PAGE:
The following guest sermon was submitted by ULC Minister Bob Barlow. All ULC Ministers are invited to contribute their own sermons for consideration/publication. To submit a sermon, please email it to email@example.com.
If I had a bigger brain, I’d be an atheist. As it is, I have only a medium-sized one, so agnosticism is as far as I can go. All of which is to prepare you for something that may shock those who know me. Because it sure shocked me.
I prayed this morning.
Before that, I brought my wife, whose shoulder has been causing her great pain for more than a year now, a cup of tea. Then I lay down on the carpet next to the bed to spend a few silent moments marveling at Lily, our four-year-old goldendoodle “puppy,” who sleeps under our bed and is the last to rise most mornings. Then I pushed myself up off the floor in preparation to go upstairs and meditate.
I made it as far as my knees.
Kneeling next to the nightstand, the urge came. I brought my hands together, adjusted them a little so they were pointing more upward, and I prayed.
My beliefs hadn’t changed. I was still an agnostic — a person who believes that there’s no way to know for sure if there is or is not a god. And yet, I prayed.
I hope praying isn’t like the wish you make before blowing out your birthday candles — the one you’re supposed to keep secret if you want it to come true. Because I’m about to tell you what I prayed for.
It’s probably a variation on what most people pray for. I prayed for the health and safety and happiness of my daughter and son. I prayed for my wife’s shoulder to be all better. I prayed for Lily to have a long, sweet life, full of chasing sticks and barking at delivery trucks. I prayed for family near and far. I prayed for peace. Lastly, I prayed for myself, because like so many folks nowadays, the ground beneath my feet doesn’t feel as solid as it used to.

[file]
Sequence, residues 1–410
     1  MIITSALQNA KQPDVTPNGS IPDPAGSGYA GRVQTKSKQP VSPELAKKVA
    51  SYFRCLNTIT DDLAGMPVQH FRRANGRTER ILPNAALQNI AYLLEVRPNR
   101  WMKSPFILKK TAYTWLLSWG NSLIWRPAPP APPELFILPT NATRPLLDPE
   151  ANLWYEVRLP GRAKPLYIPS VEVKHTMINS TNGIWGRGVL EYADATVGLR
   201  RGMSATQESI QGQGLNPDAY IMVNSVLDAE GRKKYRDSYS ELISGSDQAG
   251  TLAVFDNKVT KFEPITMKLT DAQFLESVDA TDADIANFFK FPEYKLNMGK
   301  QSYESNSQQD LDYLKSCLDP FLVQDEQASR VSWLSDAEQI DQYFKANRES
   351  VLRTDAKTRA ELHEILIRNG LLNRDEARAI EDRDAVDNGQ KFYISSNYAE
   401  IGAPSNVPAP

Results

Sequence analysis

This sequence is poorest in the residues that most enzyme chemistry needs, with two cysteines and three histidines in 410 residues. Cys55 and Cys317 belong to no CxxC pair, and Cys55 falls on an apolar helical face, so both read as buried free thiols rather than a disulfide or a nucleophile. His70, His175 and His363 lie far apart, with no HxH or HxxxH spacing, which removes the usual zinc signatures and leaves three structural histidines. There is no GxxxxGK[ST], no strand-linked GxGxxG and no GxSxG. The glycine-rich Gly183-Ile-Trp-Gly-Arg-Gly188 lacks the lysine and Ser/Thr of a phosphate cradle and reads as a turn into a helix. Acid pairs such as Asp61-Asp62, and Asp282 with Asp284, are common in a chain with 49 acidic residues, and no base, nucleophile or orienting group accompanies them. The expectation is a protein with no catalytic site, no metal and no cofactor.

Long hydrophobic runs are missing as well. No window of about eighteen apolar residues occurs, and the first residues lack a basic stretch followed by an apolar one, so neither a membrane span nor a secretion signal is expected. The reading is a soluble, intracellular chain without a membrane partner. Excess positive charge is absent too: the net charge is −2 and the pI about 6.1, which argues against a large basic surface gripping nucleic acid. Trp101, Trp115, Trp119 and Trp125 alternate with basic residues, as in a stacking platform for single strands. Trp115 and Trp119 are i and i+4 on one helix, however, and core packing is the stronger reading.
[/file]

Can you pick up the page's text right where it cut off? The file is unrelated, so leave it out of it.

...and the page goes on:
As I said, I’m not exactly a believer — at least, not in the "angry, old, white God" I learned about at Sunday school. So I can’t really address what happened to my prayers after I prayed them. Just the same, I was glad I prayed, whether there’s a supreme being or not.
I may be an amateur at this, but I know you’re not supposed to pray for the trivial. “Hearing” my prayers reminded me what I care about most. What I love most. What I want most desperately. You who pray regularly are probably saying “no, duh” at this point. But to me, it was a revelation. Praying shines a light on what matters to you. And that makes it a little easier to let go of the less important stuff.
There’s more I could say about the experience — the good feeling of unburdening, the possibility that someone is actually listening, the chance that my prayers might have an effect — but I’ll save that for the next time I write about this.
For now, I’ll leave it at this: To my surprise, I prayed this morning. And I will probably do it again.